In twenty years of working with artists, commercial photographers, fashion photographers, and most recently with photojournalists at VII Photo (Agency), I’ve been privileged to witness transformative moments in photographers’ careers, and, very occasionally, a transformative moment in the medium of photography. None, though, match the significance of acclaimed photojournalist John Stanmeyer commenting on reaching three hundred thousand Instagram followers, observing, “We’ve got to stop thinking of ourselves as photographers. We’re publishers.” Clearly he understood that the smartphone is more than just another camera: it redefines the image maker’s role.
The consumption of information has been disaggregated, fracturing the advertising economy and multiplying the style and nature of images. A reconfigured field requires a root-and-branch reassessment of what is valuable about photography, identifying new audiences, understanding their interests, and finding new ways to communicate. Although some of the changes are painful, we have a rare and privileged opportunity to challenge the conventions that have limited the understanding of photography, and to create new models for visual storytelling.
In fact, the door is open to a much older and far deeper understanding of what it means to narrate a story. Ironically, inventing a new role for photography might mean embracing cultural references considerably older than the daguerreotype. Looking back, we don’t know if the wars of Homer’s epics actually happened. The role of the ancient storyteller wasn’t to relay facts but to impart greater truths: archetypes, emotions, political structures, and the nature of human experience. It’s only recently that we’ve conflated storytelling and factual reporting, but twentieth-century conventions are dissolving rapidly as photography explodes into the online universe.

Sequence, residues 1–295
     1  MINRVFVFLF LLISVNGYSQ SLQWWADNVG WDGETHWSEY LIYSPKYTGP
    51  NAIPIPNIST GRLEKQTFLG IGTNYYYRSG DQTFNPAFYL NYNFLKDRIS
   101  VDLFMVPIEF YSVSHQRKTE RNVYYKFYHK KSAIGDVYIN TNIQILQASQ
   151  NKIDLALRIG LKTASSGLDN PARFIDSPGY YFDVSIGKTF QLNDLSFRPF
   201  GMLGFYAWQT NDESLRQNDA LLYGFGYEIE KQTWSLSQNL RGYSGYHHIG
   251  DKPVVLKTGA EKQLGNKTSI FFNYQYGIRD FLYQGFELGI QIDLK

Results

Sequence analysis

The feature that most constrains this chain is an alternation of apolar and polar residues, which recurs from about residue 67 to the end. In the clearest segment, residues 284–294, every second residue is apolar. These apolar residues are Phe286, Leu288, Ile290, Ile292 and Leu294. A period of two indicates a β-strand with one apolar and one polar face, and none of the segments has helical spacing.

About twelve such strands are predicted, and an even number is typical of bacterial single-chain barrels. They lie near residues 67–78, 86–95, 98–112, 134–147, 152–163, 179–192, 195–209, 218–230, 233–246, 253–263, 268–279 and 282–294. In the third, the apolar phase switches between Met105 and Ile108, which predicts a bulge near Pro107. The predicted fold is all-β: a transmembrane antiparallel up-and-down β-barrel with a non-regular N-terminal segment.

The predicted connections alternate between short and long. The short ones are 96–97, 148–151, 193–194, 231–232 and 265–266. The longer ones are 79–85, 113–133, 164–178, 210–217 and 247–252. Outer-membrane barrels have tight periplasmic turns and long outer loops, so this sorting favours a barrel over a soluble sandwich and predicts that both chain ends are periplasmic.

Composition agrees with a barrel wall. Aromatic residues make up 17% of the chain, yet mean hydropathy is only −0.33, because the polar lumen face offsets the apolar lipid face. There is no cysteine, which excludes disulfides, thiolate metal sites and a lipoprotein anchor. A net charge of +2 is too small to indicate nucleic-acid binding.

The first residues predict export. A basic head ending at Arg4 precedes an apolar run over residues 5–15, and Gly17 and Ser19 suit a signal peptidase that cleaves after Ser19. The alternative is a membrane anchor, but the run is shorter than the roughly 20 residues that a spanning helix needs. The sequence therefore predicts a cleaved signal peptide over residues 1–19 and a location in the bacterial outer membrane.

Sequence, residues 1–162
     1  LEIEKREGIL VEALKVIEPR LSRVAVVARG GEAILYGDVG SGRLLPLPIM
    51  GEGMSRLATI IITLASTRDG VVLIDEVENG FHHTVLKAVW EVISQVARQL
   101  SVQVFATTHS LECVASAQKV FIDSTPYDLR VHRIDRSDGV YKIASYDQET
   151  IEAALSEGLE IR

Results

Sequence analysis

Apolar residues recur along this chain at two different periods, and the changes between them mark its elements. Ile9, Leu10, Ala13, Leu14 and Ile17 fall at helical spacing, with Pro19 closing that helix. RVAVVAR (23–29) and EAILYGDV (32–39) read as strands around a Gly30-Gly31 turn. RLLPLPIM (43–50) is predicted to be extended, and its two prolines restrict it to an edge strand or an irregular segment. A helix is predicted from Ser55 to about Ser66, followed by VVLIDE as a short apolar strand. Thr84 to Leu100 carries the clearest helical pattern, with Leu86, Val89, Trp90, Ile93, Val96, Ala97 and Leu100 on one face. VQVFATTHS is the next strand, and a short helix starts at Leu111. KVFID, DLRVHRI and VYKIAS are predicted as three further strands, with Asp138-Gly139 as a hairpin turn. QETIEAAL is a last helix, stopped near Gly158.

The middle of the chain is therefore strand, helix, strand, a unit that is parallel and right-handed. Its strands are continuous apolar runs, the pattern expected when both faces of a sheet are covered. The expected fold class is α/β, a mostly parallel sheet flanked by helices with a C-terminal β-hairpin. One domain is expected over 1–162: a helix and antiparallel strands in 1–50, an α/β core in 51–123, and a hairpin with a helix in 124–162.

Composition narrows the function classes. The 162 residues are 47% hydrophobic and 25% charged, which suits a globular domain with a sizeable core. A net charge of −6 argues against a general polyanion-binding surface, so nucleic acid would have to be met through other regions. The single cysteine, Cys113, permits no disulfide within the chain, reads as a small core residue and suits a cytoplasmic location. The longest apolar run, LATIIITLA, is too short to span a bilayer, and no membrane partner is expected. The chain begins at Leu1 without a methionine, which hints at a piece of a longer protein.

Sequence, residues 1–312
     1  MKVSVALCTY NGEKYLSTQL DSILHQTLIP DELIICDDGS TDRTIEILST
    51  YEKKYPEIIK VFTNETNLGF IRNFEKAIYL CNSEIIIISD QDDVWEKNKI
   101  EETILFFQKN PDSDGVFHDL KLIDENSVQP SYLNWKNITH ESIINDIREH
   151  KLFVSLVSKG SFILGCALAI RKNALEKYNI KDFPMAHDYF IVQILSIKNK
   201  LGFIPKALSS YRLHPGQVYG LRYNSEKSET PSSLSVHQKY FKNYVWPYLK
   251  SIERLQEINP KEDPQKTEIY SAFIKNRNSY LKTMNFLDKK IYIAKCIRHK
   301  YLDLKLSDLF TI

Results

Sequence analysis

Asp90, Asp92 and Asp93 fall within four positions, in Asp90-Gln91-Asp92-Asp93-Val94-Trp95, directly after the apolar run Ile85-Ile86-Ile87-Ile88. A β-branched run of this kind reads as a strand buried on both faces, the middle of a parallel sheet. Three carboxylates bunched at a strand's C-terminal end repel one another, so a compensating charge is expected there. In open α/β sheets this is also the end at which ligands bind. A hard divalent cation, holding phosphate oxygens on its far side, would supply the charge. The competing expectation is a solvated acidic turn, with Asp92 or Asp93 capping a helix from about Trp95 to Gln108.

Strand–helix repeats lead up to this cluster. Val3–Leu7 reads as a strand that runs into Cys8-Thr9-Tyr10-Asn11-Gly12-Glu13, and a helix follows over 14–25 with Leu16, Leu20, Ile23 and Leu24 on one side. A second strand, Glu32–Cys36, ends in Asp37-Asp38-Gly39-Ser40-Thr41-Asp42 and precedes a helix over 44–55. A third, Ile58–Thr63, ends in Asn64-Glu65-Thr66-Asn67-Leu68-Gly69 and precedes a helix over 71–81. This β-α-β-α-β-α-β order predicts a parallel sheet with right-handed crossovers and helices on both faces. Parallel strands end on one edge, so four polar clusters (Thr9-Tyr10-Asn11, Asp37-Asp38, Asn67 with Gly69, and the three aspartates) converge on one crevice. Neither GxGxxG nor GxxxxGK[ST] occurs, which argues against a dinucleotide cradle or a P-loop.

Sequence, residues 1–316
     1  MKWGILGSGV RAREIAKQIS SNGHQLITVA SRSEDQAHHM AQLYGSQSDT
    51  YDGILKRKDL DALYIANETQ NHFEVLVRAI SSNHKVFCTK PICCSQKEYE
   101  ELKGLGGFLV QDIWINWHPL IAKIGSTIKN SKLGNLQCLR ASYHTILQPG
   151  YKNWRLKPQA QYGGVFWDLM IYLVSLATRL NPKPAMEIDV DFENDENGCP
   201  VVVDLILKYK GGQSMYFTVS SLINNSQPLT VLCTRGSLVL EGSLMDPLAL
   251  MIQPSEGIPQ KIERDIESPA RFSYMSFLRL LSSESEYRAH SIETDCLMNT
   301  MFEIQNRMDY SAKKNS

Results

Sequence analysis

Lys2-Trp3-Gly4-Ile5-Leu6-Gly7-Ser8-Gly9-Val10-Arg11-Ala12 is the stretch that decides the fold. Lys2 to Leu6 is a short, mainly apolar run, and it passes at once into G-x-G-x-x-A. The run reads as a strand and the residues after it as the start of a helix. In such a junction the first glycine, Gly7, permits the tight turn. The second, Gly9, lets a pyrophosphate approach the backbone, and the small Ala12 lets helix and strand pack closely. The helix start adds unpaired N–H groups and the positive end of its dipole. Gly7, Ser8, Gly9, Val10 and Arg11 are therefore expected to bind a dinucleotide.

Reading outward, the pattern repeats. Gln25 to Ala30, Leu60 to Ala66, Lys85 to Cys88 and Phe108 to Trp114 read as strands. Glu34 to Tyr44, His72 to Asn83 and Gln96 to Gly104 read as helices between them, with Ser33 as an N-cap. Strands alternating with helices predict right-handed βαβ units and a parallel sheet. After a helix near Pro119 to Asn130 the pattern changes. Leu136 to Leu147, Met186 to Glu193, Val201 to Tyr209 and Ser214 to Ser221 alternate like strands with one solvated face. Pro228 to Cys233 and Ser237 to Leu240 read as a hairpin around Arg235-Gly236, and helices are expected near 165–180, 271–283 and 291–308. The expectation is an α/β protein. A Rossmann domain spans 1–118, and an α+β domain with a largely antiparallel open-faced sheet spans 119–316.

Photographers are no longer constrained as humble suppliers to platforms managed and controlled by others; thinking as publishers allows them to choose their themes, audiences, and the means of expression and distribution. How we grasp the opportunities before us becomes partly a matter of problem solving and, more significantly, a challenge of imagination.